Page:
In Gadamer this tarrying temporality is a feature of phenomenological hold, then, which is in turn a function of hermeneutical involvement. This should dispel one common misunderstanding of Gadamer’s references to the temporality of tarrying straight away: it is not merely one’s “taking time” to linger over something, as in a slackening or slowing down to contemplate, a distinction Dutt may have had in mind in seeming to pit tarrying against the pace of contemporary culture. The temporality of tarrying is not a function of lackadaisical, meandering contemplation, least of all passive in any way, but is a function of the fullness and intensity of attention and engrossment.


This “positive” as opposed to “negative” defining of the temporality of tarrying not only makes it easier to invest eventfulness with value, with possibilities for redefining the basis for human solidarity and human well-being, but also allows dimensional time-consciousness to stand out more fully as similarly at play in the antithetical way of being in the world that according to Gadamer is too prevalent. In other words, opposing temporalities define and make accessible, the “two sides” unevenly at play in what Gadamer refers to as an “ontological onesidedness.” The temporality of tarrying serves as a backdrop against which normative, dimensional time becomes visible. Defamiliarized in this way, dimensional time can be seen to have a role in the malaise of planning reason, or calculative thinking, associated with the ontology of scientific objectivism. So taking account of Gadamer’s emphasis on the temporality of tarrying facilitates a reflection on the possibility that our obsession with and deference to technology, arguably Gadamer’s central philosophical question, has fundamentally to do with how we conceive of time.


To complete this account of a temporally defined dualism, then, I will briefly summarize what is perhaps Gadamer’s most succinct treatment of the other side of the problematic, which occurs in one of the three essays on time mentioned earlier, “Concerning Empty and Ful-Filled Time.” What he says here is that time-as-dimensionality is a conceptualization of time that has become so deeply sedimented as to seem self-evident and so has again and again has given rise to perplexity in the traditions of philosophy and theology (341-42). It has doomed us to conceive of the ‘present’ as a paradox because of the impossibility of reconciling the content of time with the concepts of past, present, and future:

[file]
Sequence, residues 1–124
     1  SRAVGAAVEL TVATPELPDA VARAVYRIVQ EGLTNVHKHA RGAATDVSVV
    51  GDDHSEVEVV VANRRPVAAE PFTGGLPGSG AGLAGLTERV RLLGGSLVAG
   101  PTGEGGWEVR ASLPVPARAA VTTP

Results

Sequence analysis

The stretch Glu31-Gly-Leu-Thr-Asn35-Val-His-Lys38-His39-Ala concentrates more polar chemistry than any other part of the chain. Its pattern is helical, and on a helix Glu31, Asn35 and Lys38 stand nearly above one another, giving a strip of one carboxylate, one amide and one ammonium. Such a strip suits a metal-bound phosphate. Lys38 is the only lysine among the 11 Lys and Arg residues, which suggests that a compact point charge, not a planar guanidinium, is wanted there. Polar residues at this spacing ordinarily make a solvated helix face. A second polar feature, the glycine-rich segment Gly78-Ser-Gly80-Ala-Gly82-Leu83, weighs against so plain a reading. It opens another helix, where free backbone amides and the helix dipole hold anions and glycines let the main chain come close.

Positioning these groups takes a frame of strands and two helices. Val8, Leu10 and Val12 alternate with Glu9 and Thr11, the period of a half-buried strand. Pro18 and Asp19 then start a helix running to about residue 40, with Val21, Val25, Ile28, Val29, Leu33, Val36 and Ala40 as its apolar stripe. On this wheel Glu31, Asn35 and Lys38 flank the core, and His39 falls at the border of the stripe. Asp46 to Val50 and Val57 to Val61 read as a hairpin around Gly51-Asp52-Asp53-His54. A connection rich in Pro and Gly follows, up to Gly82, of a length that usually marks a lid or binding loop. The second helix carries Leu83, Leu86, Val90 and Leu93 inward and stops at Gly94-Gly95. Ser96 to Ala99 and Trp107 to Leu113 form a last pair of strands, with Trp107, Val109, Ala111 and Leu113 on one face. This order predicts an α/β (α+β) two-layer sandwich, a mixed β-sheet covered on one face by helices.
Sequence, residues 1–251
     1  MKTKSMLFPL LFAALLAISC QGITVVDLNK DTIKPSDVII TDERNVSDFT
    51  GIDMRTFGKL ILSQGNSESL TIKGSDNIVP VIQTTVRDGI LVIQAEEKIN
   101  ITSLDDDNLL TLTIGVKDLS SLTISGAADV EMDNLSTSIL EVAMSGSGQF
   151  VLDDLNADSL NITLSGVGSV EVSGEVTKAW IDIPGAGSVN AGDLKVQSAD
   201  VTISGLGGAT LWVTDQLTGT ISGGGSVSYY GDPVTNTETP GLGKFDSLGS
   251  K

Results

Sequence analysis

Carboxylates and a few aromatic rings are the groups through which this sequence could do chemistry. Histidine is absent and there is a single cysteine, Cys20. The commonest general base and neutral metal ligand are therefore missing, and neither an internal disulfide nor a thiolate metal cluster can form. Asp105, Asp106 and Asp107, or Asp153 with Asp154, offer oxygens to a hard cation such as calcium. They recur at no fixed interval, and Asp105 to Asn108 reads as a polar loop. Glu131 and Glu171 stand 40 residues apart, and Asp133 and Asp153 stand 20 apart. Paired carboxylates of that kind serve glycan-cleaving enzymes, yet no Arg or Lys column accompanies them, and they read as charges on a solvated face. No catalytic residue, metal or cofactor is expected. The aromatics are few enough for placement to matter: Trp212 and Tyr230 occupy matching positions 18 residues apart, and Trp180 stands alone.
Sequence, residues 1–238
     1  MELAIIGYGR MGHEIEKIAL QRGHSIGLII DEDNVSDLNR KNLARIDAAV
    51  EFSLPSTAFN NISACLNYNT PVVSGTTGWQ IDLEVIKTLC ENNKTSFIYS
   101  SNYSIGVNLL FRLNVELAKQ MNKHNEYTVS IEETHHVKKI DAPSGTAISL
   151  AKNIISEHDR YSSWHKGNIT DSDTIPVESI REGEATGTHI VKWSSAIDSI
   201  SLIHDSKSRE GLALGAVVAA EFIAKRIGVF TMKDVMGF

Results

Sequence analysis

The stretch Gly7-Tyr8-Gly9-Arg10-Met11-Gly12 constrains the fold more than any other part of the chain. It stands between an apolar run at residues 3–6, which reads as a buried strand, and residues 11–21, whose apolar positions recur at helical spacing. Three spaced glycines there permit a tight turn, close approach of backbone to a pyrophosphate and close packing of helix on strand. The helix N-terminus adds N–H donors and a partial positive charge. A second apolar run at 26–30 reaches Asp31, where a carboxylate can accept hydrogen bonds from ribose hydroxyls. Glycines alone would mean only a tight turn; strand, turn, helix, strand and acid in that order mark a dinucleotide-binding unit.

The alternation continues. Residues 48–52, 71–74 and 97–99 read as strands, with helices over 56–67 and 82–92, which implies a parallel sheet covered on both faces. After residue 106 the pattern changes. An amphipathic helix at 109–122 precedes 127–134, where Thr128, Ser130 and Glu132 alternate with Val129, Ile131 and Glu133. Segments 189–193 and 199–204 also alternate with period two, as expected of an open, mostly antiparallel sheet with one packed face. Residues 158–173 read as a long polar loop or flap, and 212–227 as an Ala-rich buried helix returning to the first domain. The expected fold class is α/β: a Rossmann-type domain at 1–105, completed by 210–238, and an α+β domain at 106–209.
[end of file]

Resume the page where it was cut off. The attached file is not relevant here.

The perplexity in which thought has become entangled is that time appears to have its sole Being in the ‘now’ of the present, and nevertheless, it is just as clear that time, precisely in the ‘now’ of the present, is as such not present. What now is, is always already past. It seems incomprehensible how one is supposed to comprehend what is past, as that which no longer is, and what is future, as that which is not yet, in terms of the being of the ‘now,’ which alone exists, in such a way that the whole “is” time. (341)


One might say that the ‘present’ is impossible to fix because ‘past’ and ‘future’ are so infinitely close as to continually impinge upon it. Yet, only with reference to the ‘present’ moment can past and future be distinguished at all.  The concept of a tarrying temporality allows us to see how ‘the present’ posited as this (impossible) dimensional entity, has been abstracted from ‘the present’ as that which is fully here for us, as a matter about which we have, so to speak, presence of mind. This is the distinction between empty and filled time that Gadamer’s title alludes to.


Here, Gadamer does not approach the problem by summoning the Greek ontology of the beautiful. What he says instead is only that, in considering this legacy of perplexity concerning time as an entity, it seems evident that it is not time’s dimensional definition that can provide us with a satisfactory understanding of it, particularly of the present. The designation “empty time” is how Gadamer terms time conceived of as the constant, flowing succession of ‘nows’ coming from a future and receding into the past. This is time subjugated to quantitative measurement. It is “empty” because measuring time requires a separation of the temporal units which measure from that which is measured; to separate time from its contents is to “empty” it (342-43). In “Empty and Ful-Filled,” what Gadamer suggests is that dimensional time is therefore “non-primordial” (343) in the sense that its contents (that which it measures) must precede it. It is in fact the utility function of measured time – time made available for use -- that Gadamer says is at the root of this emptying and which is sedimented within the concept of dimensional time. And this utility function belongs to the human attribute of “seeing anticipatorially,” of having “foresight”: